The VERA-2R may be used in prejudicial, judicial and post-judicial settings.

The persons suspected of violent extremism or terrorism may be red-flagged, radicalized, suspected, accused, indicted, detained and/or convicted or otherwise fall under terrorism legislation.

A proper violent extremism risk analysis with the VERA-2R, clear risk management, and good follow-up are important within and between settings.

This requires a common risk language and adequate risk communication.

Prejudicial settings

In prejudicial settings the VERA-2R may be used by different professionals.

City security officials may have questions about radicalised individuals they suspect of violent extremist or terrorist activities. Questions are often dealt with in consultation with professionals of the regional police, social services, probation and mental health care, and sometimes professionals of the antiterrorism service. A common risk language is important for multidisciplinary meetings.

Immigration authorities often raise questions about radicalised individuals and the likelihood of them to engage in violent extremist activity. A proper risk analysis, follow-up and risk management of these persons is especially important here.

The secret service collects information and tracks individuals who may be able to commit violent extremist acts. They can use the VERA-2R to prioritize risk individuals and to objectify their common risk language.

Judicial settings

In judicial settings, professional use of the VERA-2R is necessary, and sometimes mandatory.

Individuals charged by the public prosecutor for violent extremist or terrorist activities might be investigated pre-trial using the VERA-2R to inform courts, depending on the legal system of the different countries. Pre-trial reports might be requested from the probation service and from forensic psychologists and psychiatrists.

The VERA-2R is also used to inform decision making in pre-trial detention and/or the regime in prison to enable prison differentiation of suspected and convicted terrorists and to enable multidisciplinary consultation with prison officials, forensic psychologists, prosecutors, police and security officers, and probation officers  on the risk of violent extremism in prison. Some countries have terrorist wards, other countries disperse suspected or convicted terrorists in their prisons.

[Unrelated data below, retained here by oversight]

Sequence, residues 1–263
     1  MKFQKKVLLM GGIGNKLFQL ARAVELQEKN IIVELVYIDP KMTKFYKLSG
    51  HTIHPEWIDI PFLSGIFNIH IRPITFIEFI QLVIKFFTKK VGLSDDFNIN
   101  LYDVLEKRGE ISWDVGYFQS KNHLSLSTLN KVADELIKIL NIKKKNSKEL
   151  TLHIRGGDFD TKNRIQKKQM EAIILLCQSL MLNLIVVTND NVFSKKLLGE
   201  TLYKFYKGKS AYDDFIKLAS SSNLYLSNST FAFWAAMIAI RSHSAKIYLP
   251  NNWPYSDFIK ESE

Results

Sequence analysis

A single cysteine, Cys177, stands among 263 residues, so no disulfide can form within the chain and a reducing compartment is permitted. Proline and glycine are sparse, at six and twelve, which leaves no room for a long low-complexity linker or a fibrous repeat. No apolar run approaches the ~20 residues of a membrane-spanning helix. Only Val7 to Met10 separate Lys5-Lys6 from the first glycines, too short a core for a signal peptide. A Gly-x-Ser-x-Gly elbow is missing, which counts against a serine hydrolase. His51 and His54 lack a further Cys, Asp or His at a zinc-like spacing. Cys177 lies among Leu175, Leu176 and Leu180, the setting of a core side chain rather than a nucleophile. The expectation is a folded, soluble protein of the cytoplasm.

The VERA-2R is also used for radicalized prisoners who have not been convicted of violent extremist or terrorist activities. Prevention and risk management of violent extremist activities in and after detention are important here.

The VERA-2R is used for advice on possible early release or parole decisions of convicted violent extremists or terrorists. Advice is given to the court or a parole board depending on the country. Professionals involved are forensic psychologists, psychiatrists and probation officers.

If a professional assesses a high risk in an individual using the VERA-2R, this can lead to non-release of the prisoner, longer detention or long and strict risk management parole conditions. That varies from country to country. VERA-2R follow-up is then necessary.

Postjudicial settings

In postjudicial settings, professional use of the VERA-2R is necessary for risk management.

The transition from detention to society places high demands on coordination, risk management and risk communication between professionals and organisations. Also, hidden digital and other communication with violent extremists or terrorist persons or groups requires attention. Therefore, a proper risk analysis with the VERA-2R, follow-up risk analyses and risk management of these persons is even more important.

Probation officers are involved after detention of convicted persons with parole conditions and risk management of the individual, as are prosecutors, professionals of the regional police, social services, city security officials, security service and antiterrorism professionals, exit facility workers, and possibly mental health care professionals.

During parole, conditional release and probation repeated risk assessments with the VERA-2R are necessary to establish the risk that the persons under supervision will (re)commit violent extremism and terrorist offences (Pressman et al., 2018).

For rehabilitation and other risk management intervention strategies the VERA-2R can provide information about risk scenario’s and risk management. Possible changes can be measured with repeated VERA-2R risk assessments (Pressman et al., 2018).

Multidisciplinary meetings are needed in the postjudical setting for all professionals involved. The challenge is who has what responsibility for the risk assessment and risk management of the person involved, and of course, how the VERA-2R is used. Therefore, professionals should pay close attention to risk communication and also pay attention to the risk of miscommunication.

Moreover, violent extremists and terrorists often deny and camouflage their motives, intentions and acts, withhold information, and despise professionals. A working alliance might therefore be difficult and/or might lead to biased information.